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CCHD goes beyond any immediate crisis to strengthen families and neighborhoods for a better future: Bishop David G. O’Connell

Boys ride their bikes past boarded-up and abandoned rowhouses in Baltimore May 26, 2019. Archbishop Paul S. Coakley of Oklahoma City, chairman of U.S. bishops' Committee on Domestic Justice and Human Development, said May 22 the next federal stimulus package for pandemic economic relief must include help for the poor and vulnerable. (CNS photo/Stephanie Keith, Reuters)

Responding to editors’ requests for a regular sampling of current commentary here is a column provided to Catholic News Service. It was written by Auxiliary Bishop David G. O’Connell of Los Angeles, chairman of the U.S. Conference of Catholic Bishops’ Subcommittee on the Catholic Campaign for Human Development. (Most parishes take up the collection for CCHD at Masses the weekend of Nov. 20-21.) 

In his 2020 encyclical, “Fratelli Tutti,” Pope Francis asks us to dream together of a better world — one in which we care for one another, regardless of our backgrounds or beliefs  and aspire toward uniting in fraternity and social friendship:

“No one can face life in isolation. … We need a community that supports and helps us, in which we can help one another to keep looking ahead. How important it is to dream together. … By ourselves, we risk seeing mirages, things that are not there. Dreams, on the other hand, are built together.” (“Fratelli Tutti,” 8)

Further on, he writes, “when the good of others is at stake, good intentions are not enough.” (185)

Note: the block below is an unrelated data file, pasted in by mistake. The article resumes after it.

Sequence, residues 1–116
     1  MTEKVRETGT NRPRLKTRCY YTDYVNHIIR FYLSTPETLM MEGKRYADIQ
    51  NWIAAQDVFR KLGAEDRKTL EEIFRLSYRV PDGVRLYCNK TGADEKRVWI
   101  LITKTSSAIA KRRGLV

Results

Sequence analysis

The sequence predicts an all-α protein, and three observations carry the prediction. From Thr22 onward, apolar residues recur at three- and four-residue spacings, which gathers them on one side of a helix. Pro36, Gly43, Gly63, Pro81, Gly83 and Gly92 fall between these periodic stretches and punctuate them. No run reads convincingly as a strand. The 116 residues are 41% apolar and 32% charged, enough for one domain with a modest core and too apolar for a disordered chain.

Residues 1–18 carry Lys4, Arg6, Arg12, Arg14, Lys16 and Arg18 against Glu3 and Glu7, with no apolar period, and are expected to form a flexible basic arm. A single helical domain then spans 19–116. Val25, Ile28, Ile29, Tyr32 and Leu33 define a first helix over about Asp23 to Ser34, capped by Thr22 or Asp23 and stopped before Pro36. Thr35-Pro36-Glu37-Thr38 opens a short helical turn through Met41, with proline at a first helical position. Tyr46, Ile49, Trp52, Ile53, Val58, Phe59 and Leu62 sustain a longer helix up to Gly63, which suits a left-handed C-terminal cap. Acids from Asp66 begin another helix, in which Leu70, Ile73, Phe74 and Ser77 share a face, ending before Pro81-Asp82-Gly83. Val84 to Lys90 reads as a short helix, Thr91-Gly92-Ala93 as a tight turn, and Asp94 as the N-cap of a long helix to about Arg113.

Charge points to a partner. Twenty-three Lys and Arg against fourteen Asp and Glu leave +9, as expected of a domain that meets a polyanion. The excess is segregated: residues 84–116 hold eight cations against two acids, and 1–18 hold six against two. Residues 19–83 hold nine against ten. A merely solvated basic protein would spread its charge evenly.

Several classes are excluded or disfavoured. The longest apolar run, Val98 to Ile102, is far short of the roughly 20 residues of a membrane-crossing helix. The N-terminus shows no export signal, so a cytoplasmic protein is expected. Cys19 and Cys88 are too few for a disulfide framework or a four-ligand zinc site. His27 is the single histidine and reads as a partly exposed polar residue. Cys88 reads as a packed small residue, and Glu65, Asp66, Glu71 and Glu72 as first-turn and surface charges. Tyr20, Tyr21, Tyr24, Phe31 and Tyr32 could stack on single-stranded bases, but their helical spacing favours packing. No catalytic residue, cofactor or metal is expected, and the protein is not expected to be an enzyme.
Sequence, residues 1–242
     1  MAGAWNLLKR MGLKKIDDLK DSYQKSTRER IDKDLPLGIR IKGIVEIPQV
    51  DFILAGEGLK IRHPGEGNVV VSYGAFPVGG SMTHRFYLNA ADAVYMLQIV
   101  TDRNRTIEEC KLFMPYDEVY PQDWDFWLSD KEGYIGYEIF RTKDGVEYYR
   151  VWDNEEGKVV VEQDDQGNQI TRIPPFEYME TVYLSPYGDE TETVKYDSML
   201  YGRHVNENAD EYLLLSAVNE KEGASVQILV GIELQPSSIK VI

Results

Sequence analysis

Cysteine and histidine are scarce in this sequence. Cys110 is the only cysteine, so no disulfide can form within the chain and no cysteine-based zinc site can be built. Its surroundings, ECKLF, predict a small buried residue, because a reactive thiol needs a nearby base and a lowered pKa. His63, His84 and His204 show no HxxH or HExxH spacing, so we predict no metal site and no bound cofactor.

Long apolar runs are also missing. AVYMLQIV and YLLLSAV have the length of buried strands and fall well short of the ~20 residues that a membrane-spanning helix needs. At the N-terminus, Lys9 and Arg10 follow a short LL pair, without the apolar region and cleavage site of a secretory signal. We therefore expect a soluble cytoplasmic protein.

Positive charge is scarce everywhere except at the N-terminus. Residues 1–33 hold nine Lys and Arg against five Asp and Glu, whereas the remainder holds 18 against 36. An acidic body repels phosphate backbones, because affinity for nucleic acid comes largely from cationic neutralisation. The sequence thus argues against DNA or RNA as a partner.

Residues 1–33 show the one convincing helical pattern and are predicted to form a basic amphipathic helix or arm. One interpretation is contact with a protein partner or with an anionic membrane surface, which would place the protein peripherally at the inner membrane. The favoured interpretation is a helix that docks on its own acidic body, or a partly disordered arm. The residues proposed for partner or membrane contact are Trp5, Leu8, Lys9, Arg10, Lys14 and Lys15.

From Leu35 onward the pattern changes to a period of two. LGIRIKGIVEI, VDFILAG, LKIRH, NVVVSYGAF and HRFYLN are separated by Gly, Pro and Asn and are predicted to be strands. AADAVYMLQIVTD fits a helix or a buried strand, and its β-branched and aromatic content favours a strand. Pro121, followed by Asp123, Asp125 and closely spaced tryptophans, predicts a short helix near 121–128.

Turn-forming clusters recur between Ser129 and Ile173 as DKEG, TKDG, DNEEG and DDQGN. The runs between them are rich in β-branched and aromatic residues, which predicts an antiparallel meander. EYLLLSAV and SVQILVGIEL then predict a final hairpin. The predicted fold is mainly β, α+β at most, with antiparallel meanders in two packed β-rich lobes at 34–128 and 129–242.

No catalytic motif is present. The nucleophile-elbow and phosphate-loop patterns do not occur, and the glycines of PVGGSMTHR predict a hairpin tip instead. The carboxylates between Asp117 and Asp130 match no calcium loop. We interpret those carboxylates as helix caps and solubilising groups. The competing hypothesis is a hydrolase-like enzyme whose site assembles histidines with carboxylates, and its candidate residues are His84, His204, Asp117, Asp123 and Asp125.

Our Holy Father’s vision of social fraternity in action is the same one that inspired the U.S. bishops to establish the Catholic Campaign for Human Development (CCHD) more than a half-century ago. CCHD is about uniting to help our brothers and sisters who are poor, marginalized or wounded to achieve their dreams.

That includes the American dream of providing for their families through the honest work of their hands. It encompasses the dreams of St. Joseph, who, when he appeared to have no safe path forward, followed a new course guided by angels. CCHD does not work in isolation. Our efforts complement the vital charitable and emergency assistance provided by the Catholic Church — such as Catholic Charities and the Society of St. Vincent de Paul. Each of us have distinct missions that address immediate needs and systemic issues that keep people in poverty, that when woven together empower those in poor communities to make a better living and build stronger, healthier neighborhoods for the long-term.

Never has our mission been more critical than during the COVID-19 pandemic. While local health and government officials encouraged everyone to “stay at home” as the coronavirus spread in the early days of the pandemic, our labor force was impacted heavily. Essential workers in agriculture and food production, food service, as well as in critical retail such as grocery stores were unable to work remotely.